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The U.S. Currency Gets a Makeover

Portraits on U.S. Currency Keep Getting Younger

more info and pix after the jump

The iconic images of presidents–the ones printed on our money–are timeless. Or are they? Rather than staying the same, the members of America’s honorable legion look like a fine wine: better with age. They appear cleaner, sharper, and, well, nipped and tucked. The Bureau of Printing and Engraving, the federal agency that designs and prints new bills, claims that redesigns are undertaken solely to thwart counterfeiters. "If there are [cosmetic changes], it was completely unconscious," says BEP Director Larry Felix. But in a society entranced by aesthetics, the brushups are unmistakable. For an expert look, NEWSWEEK consulted New York plastic surgeon Dr. David Hidalgo to illuminate just how much time each deacon of his denomination spent under the artistic knife. Read on....

Andrew Jackson

This Andrew Jackson portrait has been on the $20 bill since 1928 (far left). It was redesigned in 1998 (center), then again in 2003 (right). With his new look, President Jackson went from old hickory to new hickory.

DR. HIDALGO: 'President Jackson has been treated with injectables to fill in his temple hollows and laugh lines (nasolabial folds). His lower-eyelid fat bags have been removed to make him less tired looking, but he has acquired an overall 'surgical look' in the process. Together with the hair styling and blow-dry (does he still have a stylist’s apron on?) he looks a bit less masculine than before.'

Abraham Lincoln

The original portrait of Lincoln (far left) first appeared on the $5 bill in 1923 (before that, Alexander Hamilton, Ulysses Grant, and Andrew Jackson made appearances on the note). The Lincoln bill was redesigned in 2000 (center), and then in 2006. According to our surgeon, it seems as if someone bestowed a laser peel upon Lincoln.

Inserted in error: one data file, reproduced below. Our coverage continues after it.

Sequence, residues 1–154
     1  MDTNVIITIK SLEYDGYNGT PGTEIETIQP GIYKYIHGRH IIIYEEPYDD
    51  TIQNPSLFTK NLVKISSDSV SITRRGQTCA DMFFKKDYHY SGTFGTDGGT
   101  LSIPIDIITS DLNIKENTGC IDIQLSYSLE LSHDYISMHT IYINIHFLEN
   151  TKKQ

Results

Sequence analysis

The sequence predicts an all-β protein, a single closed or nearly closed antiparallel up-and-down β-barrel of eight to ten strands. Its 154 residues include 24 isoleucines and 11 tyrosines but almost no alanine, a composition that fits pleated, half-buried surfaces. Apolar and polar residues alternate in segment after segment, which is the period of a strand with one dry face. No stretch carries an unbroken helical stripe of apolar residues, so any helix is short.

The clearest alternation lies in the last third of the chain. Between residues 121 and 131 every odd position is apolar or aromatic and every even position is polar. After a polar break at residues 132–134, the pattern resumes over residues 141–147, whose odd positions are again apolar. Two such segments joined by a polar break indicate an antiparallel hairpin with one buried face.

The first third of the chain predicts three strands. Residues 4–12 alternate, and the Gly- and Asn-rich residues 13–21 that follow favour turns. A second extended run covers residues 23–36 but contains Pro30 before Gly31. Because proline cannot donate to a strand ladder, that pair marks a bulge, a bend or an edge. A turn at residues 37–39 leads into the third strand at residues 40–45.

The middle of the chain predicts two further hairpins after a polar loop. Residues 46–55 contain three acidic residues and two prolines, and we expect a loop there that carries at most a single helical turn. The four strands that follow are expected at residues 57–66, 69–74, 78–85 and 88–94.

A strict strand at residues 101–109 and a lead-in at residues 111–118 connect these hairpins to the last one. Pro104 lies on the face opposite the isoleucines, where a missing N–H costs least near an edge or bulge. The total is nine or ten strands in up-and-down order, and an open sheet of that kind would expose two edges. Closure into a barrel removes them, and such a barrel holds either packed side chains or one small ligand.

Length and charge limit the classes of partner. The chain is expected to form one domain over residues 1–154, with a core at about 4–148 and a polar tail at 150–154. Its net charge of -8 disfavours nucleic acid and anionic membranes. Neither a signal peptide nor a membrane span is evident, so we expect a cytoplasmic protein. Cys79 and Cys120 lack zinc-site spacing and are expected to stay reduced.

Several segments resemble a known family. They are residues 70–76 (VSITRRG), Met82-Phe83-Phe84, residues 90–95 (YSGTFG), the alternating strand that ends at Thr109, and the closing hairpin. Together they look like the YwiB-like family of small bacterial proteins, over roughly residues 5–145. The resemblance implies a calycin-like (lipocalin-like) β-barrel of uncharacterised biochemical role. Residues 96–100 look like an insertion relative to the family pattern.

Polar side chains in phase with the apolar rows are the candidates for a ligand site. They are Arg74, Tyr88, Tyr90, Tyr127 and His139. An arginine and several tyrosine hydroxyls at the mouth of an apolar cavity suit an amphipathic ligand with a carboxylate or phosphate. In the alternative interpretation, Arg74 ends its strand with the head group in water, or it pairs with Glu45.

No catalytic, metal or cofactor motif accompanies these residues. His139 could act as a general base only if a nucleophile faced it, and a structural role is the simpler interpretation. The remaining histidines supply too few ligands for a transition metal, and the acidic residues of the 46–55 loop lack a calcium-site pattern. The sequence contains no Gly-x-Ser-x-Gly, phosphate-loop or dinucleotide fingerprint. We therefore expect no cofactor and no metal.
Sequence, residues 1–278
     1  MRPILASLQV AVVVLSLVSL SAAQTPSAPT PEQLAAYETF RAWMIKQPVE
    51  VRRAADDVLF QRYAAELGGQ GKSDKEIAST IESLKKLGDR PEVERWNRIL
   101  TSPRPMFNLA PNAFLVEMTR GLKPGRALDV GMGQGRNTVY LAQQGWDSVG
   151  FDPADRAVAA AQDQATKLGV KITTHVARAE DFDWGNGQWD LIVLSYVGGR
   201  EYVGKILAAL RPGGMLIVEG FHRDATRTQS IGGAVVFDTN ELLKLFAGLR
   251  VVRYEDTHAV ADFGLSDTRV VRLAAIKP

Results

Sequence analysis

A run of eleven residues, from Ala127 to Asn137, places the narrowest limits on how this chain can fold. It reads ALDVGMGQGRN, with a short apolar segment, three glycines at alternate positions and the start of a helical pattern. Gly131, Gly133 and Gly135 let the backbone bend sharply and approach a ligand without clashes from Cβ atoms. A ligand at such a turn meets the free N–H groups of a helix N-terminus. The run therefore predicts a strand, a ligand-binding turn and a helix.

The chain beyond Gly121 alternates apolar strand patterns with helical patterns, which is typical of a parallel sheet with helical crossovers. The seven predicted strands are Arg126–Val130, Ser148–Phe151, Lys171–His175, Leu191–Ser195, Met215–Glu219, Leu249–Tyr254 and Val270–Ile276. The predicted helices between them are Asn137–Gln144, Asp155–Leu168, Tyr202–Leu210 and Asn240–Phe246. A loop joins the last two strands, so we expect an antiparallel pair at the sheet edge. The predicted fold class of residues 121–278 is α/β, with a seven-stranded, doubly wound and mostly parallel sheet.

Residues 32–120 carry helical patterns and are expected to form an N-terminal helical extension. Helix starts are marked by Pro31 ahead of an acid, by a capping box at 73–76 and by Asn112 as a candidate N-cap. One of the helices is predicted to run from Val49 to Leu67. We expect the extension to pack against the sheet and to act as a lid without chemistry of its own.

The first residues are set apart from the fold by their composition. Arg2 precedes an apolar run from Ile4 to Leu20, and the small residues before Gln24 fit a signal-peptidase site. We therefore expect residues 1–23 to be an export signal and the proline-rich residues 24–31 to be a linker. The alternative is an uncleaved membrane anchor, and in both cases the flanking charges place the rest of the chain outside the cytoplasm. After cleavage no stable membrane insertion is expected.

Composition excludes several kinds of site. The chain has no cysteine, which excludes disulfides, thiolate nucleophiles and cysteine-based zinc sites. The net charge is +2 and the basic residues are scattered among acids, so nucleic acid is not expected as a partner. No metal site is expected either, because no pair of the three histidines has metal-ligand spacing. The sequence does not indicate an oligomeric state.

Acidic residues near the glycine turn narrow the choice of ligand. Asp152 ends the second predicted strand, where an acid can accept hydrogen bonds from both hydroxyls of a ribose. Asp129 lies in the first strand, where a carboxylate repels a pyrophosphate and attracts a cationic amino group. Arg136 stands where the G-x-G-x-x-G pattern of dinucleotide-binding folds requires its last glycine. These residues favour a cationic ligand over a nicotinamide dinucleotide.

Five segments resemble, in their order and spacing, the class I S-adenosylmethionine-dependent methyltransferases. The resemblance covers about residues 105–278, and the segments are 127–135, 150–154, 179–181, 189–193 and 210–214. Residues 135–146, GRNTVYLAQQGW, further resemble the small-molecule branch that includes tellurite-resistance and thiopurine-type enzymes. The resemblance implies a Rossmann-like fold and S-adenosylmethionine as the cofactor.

DR. HIDALGO: 'President Lincoln has been treated to a full-face laser peel that has removed all blemishes and has rejuvenated his sun-damaged skin [this is the effect of a softer engraving technique with no dotted lines]. He has been treated to a haircut and an expert dye job that leaves only a few wisps of distinguished gray color. His beard has been trimmed to give him a less disheveled look. His eyebrows have been waxed to remove errant hairs. He has gotten small cheek implants that he did not need (it would have been better to fill in his hollow cheeks with fat or injectables). His nasolabial folds are a bit softer, suggesting the addition of injectable fillers. Surgically, he has been treated to a subtle rhinoplasty that retains a masculine look. The nose is straightened and the aged, drooping tip raised. He has had his lower-eyelid bags surgically removed, effectively eliminating a tired look.'

Alexander Hamilton

Alexander Hamilton first appeared on the Federal Reserve Note in 1914 (before that, Abraham Lincoln, Benjamin Franklin, and Lewis and Clark were among notables on $10 currency).The Hamilton portrait (far left) was changed in 2000 (center), then again in 2005 (right). His redesigned portrait has taken a star turn, as he time-travels from Capitol Hill to One Tree Hill.
DR. HIDALGO: 'Hamilton has been treated to a full-face laser peel to smooth his complexion, lower-eyelid surgery to remove bags and a tired look, and a subtle tweaking of his nasal tip to make it less angular. One cannot rule out jaw implants to give a more masculine jawline. He has the subtle rejuvenated look of a well-done face-lift and has been treated to a blow-dry. In the latest version he looks like a movie star!'

Ulysses S. Grant

This portrait of President Grant was first put to use on the $50 bill in 1929 (far left), then redesigned in 1997 (center), then again in 2004 (right). The new appearance of this old portrait seems to give the president a more civil look.
DR. HIDALGO: 'President Grant has had Botox to soften an angry look between the eyes and also the lower forehead. He has had subtle upper- and lower-eyelid surgery to make him look less tired. A trim of the beard and some eyebrow-shaping makes him look more lean and fit.'

Benjamin Franklin

Though he never served as president, Benjamin Franklin's portrait has been on many denominations of U.S. currency. This portrait has been used on the $100 bill since 1929 (far left), was redesigned in 1996 (left), and then again in a soon-to-be-released bill in April 2010. Franklin was an advocate for living on a budget, so it makes sense that he opted for a frugal makeover.
DR. HIDALGO: 'This one does not fit the mold. He does not look any better in the new version. There are slight improvements though: soair coloring and and possibly some tightening of the neck.